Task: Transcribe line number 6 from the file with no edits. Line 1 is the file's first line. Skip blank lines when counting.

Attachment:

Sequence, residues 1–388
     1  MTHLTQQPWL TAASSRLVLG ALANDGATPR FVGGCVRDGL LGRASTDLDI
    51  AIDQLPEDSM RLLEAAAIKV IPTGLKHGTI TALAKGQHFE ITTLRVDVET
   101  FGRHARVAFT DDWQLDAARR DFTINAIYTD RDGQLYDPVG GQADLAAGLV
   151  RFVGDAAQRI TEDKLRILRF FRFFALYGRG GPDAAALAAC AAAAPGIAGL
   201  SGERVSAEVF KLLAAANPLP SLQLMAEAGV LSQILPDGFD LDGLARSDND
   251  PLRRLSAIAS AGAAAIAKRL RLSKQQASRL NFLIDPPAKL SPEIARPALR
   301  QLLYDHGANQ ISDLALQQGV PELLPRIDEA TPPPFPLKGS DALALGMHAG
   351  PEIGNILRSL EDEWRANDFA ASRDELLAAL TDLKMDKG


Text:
   201  SGERVSAEVF KLLAAANPLP SLQLMAEAGV LSQILPDGFD LDGLARSDND